Where do connected, practicing elearning professionals who wants to keep an eye on market forces go to get smarter about choosing which solutions to build without hitting the adoption curve too soon? We SAY we're doing market research....but I wonder.
Research is one of those things that just about everyone does at some level or another. It can be as simple as reading a short article on a topic about which you know nothing, or as complicated as a longitudinal scientific experiment involving hundreds of human subjects.
There are a lot of mixed feeling about research in the elearning practitioner community. When asked, execs admit that they simply don't have the time to pay attention to research, as they are too busy doing billable work. Not too surprising really, as elearning people tend to be doers. Producers. Designers. Developers. We think in terms of creating solutions, not in terms of crafting the arguments for proving or disproving a hypothesis.
But still, it’s not safe to go plunging into new business directions without having a good handle on the environment, the opportunities, the pitfalls. So maybe it’s a matter of shifting gears. Such as figuring out how to using research strategically. or moving away from empirical studies toward metrics that measure more of what we are actually doing.
Surprisingly, when Sage Road conducted focus group meetings with elearning professionals to hear what they want from their research, we also heard that business research can be hard to make relevant. When a Forrester Research or a Gartner Research or an IDC produces a research report on elearning related topics (being mindful that they don't really talk about elearning all that much these days, at least not by that name) it is typically written on vertically segmented topics for companies with research and strategy departments who are slicing and dicing vertical markets to figure out how to sell stuff to people like us.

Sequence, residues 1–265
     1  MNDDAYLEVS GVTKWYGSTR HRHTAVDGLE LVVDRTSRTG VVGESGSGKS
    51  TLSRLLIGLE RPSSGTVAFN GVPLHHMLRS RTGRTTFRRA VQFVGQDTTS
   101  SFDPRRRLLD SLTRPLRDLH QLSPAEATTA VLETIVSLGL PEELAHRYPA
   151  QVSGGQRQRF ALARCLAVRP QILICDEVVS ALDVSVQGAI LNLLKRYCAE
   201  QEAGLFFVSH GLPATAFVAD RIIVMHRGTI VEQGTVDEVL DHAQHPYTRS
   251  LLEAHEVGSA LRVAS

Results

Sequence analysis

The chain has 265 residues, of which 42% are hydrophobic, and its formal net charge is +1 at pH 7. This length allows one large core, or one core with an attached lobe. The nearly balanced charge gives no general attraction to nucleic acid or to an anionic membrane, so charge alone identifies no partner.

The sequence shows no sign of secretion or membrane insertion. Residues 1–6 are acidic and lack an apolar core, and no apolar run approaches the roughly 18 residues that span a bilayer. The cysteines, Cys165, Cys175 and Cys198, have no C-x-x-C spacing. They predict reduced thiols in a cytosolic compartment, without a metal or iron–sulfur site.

eLearning research vendors like Brandon Hall Research and Bersin & Associates do a nice, more targeted job with their market descriptions about the things that matter in elearning. Nevertheless, I find that these reports are often written for prospective elearning customers rather than for elearning service providers themselves. For market leading practitioners, some of these reports can seem positively recursive. But of course, there's a lot more "newbies" interested in elearning these days than every before so I completely understand the positioning.
The eLearning Guild is a great resource for eLearning professionals, since it provides a safe haven for practitioners to find others who are dealing with many of the same issues, to find useful advice, tons of resources and safety in numbers. But still - it's more descriptive research about the practice, not about the market(s) in which we are all trying to do our work.
So let me ask again...where DO connected, practicing elearning professionals who wants to keep an eye on market forces go to get smarter about choosing which solutions to build without hitting the adoption curve too soon? Or do we still tend to cross our fingers, go all in on the innovation we believe in and hope that something sticks?